Yes, sushi in the ball park!
Strips of raw or marinated fish, wrapped around a ball of rice with maybe a dab of fish eggs on top – the preferred snack of the yuppiest of yuppies.
I should be surprised, but I’m not. I see now that it was inevitable.
Years ago, when the Brooklyn Dodgers moved to Los Angeles, I complained to my good friend, Slats Grobnik.
”Slats,” I said, ”this is a bad thing for the country. Some day they will be selling sushi in ball parks.”
He said, ”What’s sushi?”
I said, ”I don’t know. But mark my words, Slats, it is sure to happen.”
Royko especially enjoyed attacking San Diego, having feuded with its fans during the ’84 NLCS.
Donovan McNabb to the Redskins for a second rounder and a pick next year.
And so it is that for the next ten years, whenever someone on a message board says “teams NEVER trade within their own division,” we’ll have this. And if the Redskins win the NFC and Kevin Kolb’s a bust, everyone will then respond, “and look how well that trade worked out.”
“When the end of the world comes, I want to be in Cincinnati because it’s always twenty years behind the times.”
Many people in my former residence of Cincinnati take exception to this most likely apocryphal Mark Twain quote. But not, apparently, Paul Daugherty, who is horrifed at the Great American Ballpark’s latest food concession – y’know, the one that’s been available in other cities now for years.
The Cincinnati Reds are selling sushi at Great American Ball Park this year, and all we can know about that is, nothing says hardball in Cincinnati quite like a smoked salmon roll. Pete Rose is rolling over in his seat at the racetrack.
American soldiers saved the world on a diet of canned Spam. The Big Red Machine ran on Wheaties, Red Man and greenies. There is nothing in either narrative that mentions sesame ginger crab rolls, with a side of edamame.
This is going to take some getting used to. It’s not that Cincinnati isn’t cosmopolitan enough to enjoy an occasional eel roll. It’s just that not that long ago, we were eating head cheese.
We still consume 99 percent of all goetta made. According to Wikipedia, goetta is “a peasant food of German origin,” made of pork shoulder and oatmeal. We enjoy it. It’s not the greatest of distinctions. But it’s something.
Sushi? I don’t know. I really don’t.
Daugherty goes on to make rote references to Chardonnay and San Francisco while lamenting the decline of the real baseball fan, which I suppose is fair enough, but what does it really matter if it’s sushi, Danny Meyer or the Build-a-Bear workshop? Personally, I’ve never understood why people want to wait in longer lines for lesser quality good food – better to just stick with peanuts and go get a proper cheesesteak (or California roll) after.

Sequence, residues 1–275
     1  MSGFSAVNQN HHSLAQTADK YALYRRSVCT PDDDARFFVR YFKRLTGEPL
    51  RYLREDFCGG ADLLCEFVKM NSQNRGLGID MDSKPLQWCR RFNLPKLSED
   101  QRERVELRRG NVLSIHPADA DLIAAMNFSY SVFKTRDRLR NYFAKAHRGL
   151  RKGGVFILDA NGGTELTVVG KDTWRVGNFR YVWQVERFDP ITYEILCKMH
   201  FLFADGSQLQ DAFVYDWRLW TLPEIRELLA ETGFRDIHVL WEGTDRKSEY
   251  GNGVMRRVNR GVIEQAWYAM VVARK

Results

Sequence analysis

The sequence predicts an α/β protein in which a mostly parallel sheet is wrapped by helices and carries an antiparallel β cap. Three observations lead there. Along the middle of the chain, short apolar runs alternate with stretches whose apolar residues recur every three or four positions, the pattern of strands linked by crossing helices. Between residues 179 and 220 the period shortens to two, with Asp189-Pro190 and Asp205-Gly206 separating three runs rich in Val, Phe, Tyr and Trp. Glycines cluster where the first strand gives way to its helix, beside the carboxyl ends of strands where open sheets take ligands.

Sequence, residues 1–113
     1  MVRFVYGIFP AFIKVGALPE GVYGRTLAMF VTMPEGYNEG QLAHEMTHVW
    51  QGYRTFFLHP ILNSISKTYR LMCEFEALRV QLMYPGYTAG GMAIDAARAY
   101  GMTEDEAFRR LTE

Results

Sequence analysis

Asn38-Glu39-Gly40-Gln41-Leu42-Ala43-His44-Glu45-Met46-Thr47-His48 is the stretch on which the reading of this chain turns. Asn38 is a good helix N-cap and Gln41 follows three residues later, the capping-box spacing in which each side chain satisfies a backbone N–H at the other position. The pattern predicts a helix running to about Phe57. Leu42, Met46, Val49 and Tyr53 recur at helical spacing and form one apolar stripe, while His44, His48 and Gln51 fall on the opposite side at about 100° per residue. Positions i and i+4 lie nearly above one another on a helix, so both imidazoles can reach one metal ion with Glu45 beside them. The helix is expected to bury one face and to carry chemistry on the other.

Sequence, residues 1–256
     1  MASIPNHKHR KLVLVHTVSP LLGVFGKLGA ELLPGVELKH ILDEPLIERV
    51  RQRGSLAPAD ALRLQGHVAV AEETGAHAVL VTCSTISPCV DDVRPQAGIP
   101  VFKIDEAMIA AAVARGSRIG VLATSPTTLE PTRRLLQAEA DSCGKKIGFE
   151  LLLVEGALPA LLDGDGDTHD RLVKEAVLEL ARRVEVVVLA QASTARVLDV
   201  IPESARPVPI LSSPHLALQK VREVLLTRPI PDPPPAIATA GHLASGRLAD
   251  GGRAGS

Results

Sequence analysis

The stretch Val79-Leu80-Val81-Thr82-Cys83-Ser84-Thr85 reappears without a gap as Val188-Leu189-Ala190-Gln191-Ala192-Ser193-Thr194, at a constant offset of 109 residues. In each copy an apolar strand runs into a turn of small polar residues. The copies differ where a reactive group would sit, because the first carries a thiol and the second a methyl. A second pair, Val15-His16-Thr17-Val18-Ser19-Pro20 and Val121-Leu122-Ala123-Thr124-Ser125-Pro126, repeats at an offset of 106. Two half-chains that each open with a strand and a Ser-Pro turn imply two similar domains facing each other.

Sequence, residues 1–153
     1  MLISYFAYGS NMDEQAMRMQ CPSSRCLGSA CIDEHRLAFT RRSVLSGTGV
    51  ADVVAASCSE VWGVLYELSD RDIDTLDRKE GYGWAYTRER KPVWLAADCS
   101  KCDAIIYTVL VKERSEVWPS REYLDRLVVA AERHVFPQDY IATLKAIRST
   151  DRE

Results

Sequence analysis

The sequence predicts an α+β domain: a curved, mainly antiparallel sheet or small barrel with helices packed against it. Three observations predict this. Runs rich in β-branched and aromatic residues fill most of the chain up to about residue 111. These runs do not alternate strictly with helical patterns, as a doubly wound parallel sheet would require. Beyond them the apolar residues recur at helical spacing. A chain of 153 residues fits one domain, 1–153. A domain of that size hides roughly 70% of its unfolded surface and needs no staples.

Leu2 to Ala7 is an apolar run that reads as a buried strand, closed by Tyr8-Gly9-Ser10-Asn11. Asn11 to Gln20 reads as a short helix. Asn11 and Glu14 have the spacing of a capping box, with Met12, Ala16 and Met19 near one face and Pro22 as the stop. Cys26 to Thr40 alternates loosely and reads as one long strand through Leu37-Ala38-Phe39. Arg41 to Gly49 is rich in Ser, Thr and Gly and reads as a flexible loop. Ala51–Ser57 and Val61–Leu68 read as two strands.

And goetta, incidentally, is awesome: here’s my recipe.
One other note – while it’s common to mispell the city’s name as “Cincinatti,” here’s how the photo caption for this story read as of 8:30pm EDT:
“True baseball fans in Cinncinnai aren’t interested in sushi; they like beer and hot dogs at games.”
If Paul Allen really didn’t care about his basketball team, he would have watched the Sounders take on Philadelphia, right?
The Blazers’ owner issued a largely worthless statement to the press before the Portland-Dallas game, and while some commenters on the Oregonian‘s web site seemed inexplicably content, columnist John Canzano witnessed several restless moments at the game:
I asked him at the end of the first half, as he headed into the room he uses as an office, if he’d mind going stronger with the comments on Pritchard.
The Blazers owner waved me off and shook his head. I asked him if there was anything more he wanted to say to Blazers fans. He hurried off, waving his hands and shaking his head. He finally nudged one of his private security guards and pointed at me before disappearing into a room with a small group that included Vulcan executive Bert Kolde (above), who was puffing his chest out at me.
After the door closed, a second security guard turned to me and said, “Keep writing what you write.”
Funny moment, that one. Because elsewhere in the arena during the game, a couple dozen fans were holding up “Fans (heart) KP” signs, pointing them toward the court. An usher came up and told them to point the signs toward the TV cameras to their right. And they did.
How long before Ari Fleischer is employed by Vulcan?